October is RVT (Registered Veterinary Technician) Month. 2019 marks the 3rd Annual RVT month across Canada.
As many of you may know, we proudly opened the Georgian Triangle Humane Society Animal Hospital within our shelter walls this past Spring. Not only did we recruit our very own Veterinarian, we were also lucky enough to hire our own Hospital RVT, Emily Weaver.
In celebration of RVT Month, we decided to chat with Emily about her role at the GTHS – we discussed her duties, what she loves about her job, and how she differentiates shelter medicine vs. mainstream veterinary medicine (i.e. in a vet clinic open to the public).
Emily’s duties change depending on her patients’ needs, so no two working days are the same. Emily is an integral part of animal surgeries at the GTHS Animal Hospital; she organizes surgeries, sedates animals before they head into surgery, and monitors dogs and cats during their operations to ensure their vitals are in check and that their little (or big) bodies are reacting normally to their procedures. In addition to Emily’s responsibilities in the operating room, she also performs xrays, urinalyses and takes blood. For those of you who have tried to do something seemingly simple like give medication to your pets, you can truly appreciate the fact that in order to be an RVT, you must be patient, skilled and strong enough to handle scared or aggressive animals. Overall, Emily cares for the well-being of the animals that come through the GTHS Animal Hospital doors.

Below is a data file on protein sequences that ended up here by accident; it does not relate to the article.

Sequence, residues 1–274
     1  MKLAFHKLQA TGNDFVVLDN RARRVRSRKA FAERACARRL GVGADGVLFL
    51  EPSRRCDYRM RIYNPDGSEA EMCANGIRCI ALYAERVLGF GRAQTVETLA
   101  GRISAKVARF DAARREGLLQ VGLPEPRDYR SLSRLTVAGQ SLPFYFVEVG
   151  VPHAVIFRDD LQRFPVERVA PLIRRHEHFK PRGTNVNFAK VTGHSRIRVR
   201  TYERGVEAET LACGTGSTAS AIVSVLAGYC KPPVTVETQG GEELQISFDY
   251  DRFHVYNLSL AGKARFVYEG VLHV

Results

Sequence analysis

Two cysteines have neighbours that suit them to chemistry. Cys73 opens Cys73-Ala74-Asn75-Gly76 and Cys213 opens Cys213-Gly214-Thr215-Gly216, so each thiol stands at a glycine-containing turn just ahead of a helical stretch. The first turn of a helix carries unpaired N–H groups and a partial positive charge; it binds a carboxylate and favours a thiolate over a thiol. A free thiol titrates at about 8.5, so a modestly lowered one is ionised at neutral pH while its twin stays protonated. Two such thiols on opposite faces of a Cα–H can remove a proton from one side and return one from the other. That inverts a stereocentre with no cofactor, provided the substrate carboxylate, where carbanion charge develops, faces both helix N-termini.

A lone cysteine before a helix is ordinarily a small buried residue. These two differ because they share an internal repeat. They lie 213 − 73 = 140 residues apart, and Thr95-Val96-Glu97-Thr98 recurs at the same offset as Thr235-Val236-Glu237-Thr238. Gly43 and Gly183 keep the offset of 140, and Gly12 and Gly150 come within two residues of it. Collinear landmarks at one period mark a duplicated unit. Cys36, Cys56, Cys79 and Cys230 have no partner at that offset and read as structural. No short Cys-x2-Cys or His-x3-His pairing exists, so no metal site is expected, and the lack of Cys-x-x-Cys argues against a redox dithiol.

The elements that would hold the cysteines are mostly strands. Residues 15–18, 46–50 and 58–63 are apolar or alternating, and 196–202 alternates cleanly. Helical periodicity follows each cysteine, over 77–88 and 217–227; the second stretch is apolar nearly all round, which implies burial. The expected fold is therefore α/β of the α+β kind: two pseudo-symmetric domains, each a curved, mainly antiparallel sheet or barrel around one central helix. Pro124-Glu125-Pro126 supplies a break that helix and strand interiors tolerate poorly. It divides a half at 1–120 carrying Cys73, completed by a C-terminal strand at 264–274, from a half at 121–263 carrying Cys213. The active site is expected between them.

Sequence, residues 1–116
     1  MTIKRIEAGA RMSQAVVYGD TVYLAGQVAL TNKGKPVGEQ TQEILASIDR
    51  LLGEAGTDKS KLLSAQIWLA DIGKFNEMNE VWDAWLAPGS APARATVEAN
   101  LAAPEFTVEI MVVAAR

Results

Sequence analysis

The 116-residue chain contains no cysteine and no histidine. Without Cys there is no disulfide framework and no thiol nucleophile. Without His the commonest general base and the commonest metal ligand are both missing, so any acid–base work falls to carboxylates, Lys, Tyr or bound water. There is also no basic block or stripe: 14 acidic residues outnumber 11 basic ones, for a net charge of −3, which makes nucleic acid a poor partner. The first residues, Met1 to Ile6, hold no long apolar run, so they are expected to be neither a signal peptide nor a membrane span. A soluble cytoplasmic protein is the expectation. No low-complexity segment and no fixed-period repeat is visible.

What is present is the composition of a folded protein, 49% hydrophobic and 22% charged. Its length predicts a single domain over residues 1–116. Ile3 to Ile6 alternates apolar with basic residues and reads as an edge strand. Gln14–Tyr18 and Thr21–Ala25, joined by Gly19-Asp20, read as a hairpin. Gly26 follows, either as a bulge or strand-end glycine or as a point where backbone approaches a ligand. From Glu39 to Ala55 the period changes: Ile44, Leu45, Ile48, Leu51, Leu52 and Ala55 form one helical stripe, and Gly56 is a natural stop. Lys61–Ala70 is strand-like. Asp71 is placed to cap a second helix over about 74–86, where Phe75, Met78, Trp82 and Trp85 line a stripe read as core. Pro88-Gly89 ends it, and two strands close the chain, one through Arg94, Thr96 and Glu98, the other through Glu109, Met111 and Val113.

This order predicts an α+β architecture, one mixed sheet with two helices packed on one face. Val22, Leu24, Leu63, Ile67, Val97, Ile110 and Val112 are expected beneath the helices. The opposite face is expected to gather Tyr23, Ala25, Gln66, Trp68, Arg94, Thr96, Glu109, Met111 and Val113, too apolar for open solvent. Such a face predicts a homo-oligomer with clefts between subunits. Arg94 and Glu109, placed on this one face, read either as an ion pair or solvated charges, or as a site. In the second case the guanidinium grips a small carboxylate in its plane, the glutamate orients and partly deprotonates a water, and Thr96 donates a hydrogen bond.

When asked what she loves about her job, her immediate response was that she loves the GTHS Hospital team (Dr. Anick Amaro and Hospital Volunteers), along with the shelter staff and volunteers. In such a confined space like our retrofitted Hospital, it is vital that team members mesh well – which they do. It’s really nice to see. They are, through and through, a team working towards common goals.
As they say, variety is the spice of life, and Emily feels that the diversity of her role keeps her engaged and interested. Emily also loves the GTHS as an organization; she loves what the GTHS does and feels that her own values align with the organization’s Mission and Vision. She adds “getting to play with puppies and kittens” is a perk of the job as well!
When asked about what she feels is the greatest difference between shelter medicine and mainstream veterinary medicine, she stated that, as a shelter RVT, she must “think outside the box” more often; in many cases, the medical history of the animals that come to the GTHS Animal Hospital is unknown – they don’t have human caretakers who can report their symptoms or behaviours. She also notes that shelter medicine can be a lot more emotional – “it feels like all the animals are your own animals” as they are without a family or a home.
THANK YOU FOR ALL YOU DO, EMILY!